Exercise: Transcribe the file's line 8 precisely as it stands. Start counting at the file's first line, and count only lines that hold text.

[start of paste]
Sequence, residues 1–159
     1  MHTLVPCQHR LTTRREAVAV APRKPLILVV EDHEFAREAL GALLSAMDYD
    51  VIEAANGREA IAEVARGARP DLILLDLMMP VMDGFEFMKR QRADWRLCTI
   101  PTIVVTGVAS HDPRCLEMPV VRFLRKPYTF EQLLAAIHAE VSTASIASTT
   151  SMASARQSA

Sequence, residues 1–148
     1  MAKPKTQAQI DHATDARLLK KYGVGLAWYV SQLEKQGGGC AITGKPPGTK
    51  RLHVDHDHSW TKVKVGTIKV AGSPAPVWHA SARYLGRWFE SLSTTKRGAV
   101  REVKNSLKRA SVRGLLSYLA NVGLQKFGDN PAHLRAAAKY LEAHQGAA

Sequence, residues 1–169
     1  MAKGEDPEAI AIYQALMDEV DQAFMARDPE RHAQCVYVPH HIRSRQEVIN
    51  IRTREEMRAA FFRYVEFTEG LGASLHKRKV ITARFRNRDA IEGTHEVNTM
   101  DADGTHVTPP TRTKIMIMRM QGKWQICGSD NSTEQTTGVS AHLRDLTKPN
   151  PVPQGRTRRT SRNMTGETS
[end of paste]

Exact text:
    51  RLHVDHDHSW TKVKVGTIKV AGSPAPVWHA SARYLGRWFE SLSTTKRGAV